How do you say “lame duck” in Farsi? (According to Google’s translation service, the answer would be: علیل وناتوان) And in a twist worthy of Game of Thrones, less than two years after his disputed reelection and the brutal crackdown on opponents that followed, Iran’s President Mahmoud Ahmadinejad has been reduced to a علیل وناتوان. And that’s just about where the clerical Supreme Leader Ayatullah Ali Khamenei — who abandoned the political neutrality required of his office in 2009 to hail Ahmadinejad as the candidate whose views were closest to his own — wants the president.
On Tuesday, Iran’s parliament moved closer to impeaching Ahmadinejad, after striking down the appointment of one of his allies to the post of Deputy Foreign Minister, and opening impeachment proceedings against the President’s handpicked foreign minister, Ali Akhbar Salehi. And that’s just the latest barrage of slings and arrows Ahmadinejad has suffered in the legislature, which just this week included canceling his merging of the ministries of transportation and housing, and forbidding his merging of the oil and energy ministries. Similar attacks have been coming for months in what has become open season on the controversial president within the corridors of power — even while those that opposed him on the streets, and even at the hustings, remain on lock down.
It’s not as if the Majlis, Iran’s elected parliament (although both elections and legislation are limited by clerical supervision), has suddenly become the center of power in the Islamic Republic and is calling the reckless populist president to heel; parliament is castigating Ahmadinejad at the pleasure of Ayatullah Khamenei and the conservative clerical establishment. Khamenei had appeared to bet all his political chips on Ahmadinejad during the electoral dispute, backing the president and the security forces’ vicious crackdown on those who opposed him (even though the leaders of the Green Movement opposition had pledged fealty to the theocratic system). At least, that’s what Ahmadinejad appears to have believed, because he soon began pushing back at Khamenei’s authority and moving to concentrate power in his own office.
Ahmadinejad also embraced a new ideological position threatening to the Islamic regime’s traditional clerical elite, combining a millennarian claim to be connected with the messianic “Mahdi” figure of Shi’ite Islam (and therefore not needing clerical guidance in matters Islamic) with a new more secular Persian nationalism that de-emphasized the state’s Islamic nature. As the clerics became increasingly alarmed by Ahmadinejad’s unorthodox ideas and encroachment on their power, Khamenei struck in April, forcing the reinstatement of an intelligence minister fired by the President. Ahmadinejad retaliated with an unprecedented show of defiance, going on strike for 11 days. But he lost that showdown, and has been on the back foot ever since, under fire in parliament and seeing increasingly senior supporters and aides arrested and interrogated.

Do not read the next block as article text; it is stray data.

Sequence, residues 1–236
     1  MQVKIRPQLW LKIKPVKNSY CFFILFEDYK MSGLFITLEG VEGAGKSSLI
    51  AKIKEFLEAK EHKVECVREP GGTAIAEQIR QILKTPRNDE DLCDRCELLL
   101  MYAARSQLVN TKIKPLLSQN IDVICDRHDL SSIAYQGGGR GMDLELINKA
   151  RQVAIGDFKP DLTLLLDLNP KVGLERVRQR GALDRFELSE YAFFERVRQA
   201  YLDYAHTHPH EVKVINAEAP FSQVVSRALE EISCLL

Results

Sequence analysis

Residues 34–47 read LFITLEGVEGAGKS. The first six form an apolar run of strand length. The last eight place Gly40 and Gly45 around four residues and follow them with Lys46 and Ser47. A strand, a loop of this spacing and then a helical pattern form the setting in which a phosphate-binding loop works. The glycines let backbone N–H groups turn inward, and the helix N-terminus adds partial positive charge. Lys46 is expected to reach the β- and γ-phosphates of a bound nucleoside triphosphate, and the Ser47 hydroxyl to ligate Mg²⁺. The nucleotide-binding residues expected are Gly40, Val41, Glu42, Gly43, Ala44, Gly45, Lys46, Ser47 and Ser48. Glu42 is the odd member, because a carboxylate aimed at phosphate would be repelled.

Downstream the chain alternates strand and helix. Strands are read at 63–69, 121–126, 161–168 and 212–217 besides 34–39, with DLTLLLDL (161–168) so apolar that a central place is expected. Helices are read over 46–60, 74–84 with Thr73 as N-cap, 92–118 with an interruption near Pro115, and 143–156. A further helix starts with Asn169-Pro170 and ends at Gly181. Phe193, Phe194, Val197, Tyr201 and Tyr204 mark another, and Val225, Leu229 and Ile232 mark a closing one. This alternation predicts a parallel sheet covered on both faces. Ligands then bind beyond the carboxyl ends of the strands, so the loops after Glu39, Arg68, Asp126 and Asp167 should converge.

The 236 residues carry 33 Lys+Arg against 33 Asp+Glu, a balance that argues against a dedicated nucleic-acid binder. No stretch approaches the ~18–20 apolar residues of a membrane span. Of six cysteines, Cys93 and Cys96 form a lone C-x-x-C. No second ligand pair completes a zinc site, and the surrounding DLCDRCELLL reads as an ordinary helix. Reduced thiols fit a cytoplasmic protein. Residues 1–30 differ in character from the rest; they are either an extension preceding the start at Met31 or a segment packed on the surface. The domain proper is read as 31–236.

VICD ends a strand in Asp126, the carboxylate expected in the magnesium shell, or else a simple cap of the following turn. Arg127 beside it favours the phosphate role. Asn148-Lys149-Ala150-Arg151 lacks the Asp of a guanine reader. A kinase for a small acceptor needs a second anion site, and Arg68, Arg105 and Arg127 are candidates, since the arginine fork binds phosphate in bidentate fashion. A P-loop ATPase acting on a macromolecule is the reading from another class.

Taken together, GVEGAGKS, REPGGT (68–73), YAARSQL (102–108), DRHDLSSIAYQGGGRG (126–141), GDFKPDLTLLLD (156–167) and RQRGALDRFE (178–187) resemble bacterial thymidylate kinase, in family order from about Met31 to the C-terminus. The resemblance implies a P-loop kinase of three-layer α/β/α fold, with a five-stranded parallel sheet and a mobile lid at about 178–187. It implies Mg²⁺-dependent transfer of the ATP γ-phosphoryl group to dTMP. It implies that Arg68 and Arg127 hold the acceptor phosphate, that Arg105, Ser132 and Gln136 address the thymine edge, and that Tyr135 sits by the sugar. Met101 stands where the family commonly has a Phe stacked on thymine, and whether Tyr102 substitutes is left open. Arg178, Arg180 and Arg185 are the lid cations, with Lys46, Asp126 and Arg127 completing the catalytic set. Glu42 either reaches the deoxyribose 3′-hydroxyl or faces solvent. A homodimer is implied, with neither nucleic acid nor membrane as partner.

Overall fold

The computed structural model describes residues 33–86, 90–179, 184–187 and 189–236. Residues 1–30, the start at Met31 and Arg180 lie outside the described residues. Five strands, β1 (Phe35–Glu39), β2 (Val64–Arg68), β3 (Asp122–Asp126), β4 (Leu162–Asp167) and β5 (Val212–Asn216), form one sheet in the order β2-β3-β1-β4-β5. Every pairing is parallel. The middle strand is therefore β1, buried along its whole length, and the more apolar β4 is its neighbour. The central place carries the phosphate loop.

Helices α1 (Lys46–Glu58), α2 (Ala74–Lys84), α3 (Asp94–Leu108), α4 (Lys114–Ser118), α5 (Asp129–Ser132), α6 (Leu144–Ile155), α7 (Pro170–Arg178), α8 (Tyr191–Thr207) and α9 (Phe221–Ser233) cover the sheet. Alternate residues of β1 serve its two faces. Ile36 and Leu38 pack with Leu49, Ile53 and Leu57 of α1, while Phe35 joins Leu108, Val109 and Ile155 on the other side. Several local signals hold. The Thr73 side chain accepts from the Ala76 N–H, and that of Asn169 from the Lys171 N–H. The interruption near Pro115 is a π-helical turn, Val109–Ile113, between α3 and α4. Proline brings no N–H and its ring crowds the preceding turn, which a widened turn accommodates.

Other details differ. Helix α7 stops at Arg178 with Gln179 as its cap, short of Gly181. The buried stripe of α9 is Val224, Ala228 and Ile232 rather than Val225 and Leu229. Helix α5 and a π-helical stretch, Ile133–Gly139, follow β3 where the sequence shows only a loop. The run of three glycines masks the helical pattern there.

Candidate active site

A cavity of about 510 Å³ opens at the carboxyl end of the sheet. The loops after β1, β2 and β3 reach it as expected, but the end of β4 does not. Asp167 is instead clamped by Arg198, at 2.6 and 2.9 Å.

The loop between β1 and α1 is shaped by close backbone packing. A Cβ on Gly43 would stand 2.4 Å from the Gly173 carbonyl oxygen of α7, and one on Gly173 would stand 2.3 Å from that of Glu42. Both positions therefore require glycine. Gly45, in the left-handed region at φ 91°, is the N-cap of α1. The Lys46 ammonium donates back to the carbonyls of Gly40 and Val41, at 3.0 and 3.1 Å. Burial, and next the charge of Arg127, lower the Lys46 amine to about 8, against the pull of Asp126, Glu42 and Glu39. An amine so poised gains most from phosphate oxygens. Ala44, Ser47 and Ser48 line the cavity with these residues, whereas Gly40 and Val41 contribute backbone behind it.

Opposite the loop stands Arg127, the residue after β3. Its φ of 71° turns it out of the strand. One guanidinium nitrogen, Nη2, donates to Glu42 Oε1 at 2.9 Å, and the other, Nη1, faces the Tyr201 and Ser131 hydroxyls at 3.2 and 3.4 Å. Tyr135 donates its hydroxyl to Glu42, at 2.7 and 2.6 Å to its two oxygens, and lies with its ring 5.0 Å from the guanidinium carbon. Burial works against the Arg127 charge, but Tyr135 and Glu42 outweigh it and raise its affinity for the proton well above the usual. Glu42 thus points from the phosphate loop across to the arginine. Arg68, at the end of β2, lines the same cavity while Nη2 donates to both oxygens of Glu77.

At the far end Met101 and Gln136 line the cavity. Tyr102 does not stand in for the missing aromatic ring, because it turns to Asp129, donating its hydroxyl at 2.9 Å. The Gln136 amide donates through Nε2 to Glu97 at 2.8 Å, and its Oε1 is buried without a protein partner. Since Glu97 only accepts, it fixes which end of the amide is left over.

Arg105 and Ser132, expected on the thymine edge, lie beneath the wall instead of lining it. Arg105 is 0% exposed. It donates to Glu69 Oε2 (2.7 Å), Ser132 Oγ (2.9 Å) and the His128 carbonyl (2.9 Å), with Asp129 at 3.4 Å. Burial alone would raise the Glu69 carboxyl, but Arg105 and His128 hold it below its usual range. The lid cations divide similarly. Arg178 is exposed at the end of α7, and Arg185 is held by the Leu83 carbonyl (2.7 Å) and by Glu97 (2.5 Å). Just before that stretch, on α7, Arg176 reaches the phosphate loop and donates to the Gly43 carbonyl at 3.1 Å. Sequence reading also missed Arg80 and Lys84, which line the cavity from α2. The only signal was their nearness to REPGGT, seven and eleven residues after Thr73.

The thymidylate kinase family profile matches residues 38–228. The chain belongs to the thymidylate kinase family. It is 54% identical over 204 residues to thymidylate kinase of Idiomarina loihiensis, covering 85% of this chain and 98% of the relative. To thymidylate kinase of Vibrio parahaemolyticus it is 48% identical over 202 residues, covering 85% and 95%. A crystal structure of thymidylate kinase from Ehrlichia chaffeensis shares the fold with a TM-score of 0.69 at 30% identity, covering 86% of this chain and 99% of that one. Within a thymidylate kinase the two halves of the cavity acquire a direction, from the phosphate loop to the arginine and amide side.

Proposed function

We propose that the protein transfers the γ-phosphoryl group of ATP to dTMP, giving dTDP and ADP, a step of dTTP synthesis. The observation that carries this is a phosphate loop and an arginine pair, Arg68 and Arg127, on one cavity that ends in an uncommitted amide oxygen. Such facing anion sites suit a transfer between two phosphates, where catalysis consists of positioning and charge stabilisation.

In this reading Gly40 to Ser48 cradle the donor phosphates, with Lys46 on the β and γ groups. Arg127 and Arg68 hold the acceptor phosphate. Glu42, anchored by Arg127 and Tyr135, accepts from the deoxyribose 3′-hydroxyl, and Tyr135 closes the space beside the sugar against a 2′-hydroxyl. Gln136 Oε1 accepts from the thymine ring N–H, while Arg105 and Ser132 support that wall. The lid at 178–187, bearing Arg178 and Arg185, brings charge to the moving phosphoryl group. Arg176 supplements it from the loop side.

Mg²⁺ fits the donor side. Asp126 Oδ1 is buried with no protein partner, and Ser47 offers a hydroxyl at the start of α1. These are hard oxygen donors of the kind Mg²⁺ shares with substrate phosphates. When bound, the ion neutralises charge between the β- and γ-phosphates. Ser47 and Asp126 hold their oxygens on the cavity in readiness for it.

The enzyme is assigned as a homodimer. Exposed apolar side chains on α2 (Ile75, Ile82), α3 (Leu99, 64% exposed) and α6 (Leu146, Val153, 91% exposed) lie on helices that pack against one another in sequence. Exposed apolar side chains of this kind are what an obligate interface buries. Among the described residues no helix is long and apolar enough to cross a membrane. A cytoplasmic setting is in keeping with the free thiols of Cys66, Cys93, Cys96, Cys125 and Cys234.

Don’t expect impeachment to proceed to its conclusion, however. Those close to Khamenei reportedly insist that the supreme leader, having humbled Ahmadinejad and clipped his wings, will allow the president to serve out the rest of his term — “only, of course, if he mends his ways, rids himself of his unsavory aides and accepts his role as a mere foot soldier in the divine deliberations of the ayatollah,” according to analyst Abbas Milani. “Ahmadinejad supposedly has two years left in office. As things stand today, it is unlikely that he will make it that long. And if, at the end, he is still somehow president, Ahmadinejad will surely be but a mere empty shell of the bombastic, combative, feverishly messianic persona he created for himself before the crisis began.”
If the experience of Ahmadinejad’s predecessor, Mohammed Khatami, is anything to go by, a علیل وناتوان president is precisely how Khamenei sees the role. None of that bodes particularly well for nuclear negotiations with Tehran. Not that it necessarily makes things worse. The apparent outcome of the past two years of palace intrigue in Tehran does suggest that the address for any dialogue with Iran is still the Supreme Leader. Not that he’s necessarily much interested in the nuclear deals currently on offer from the West.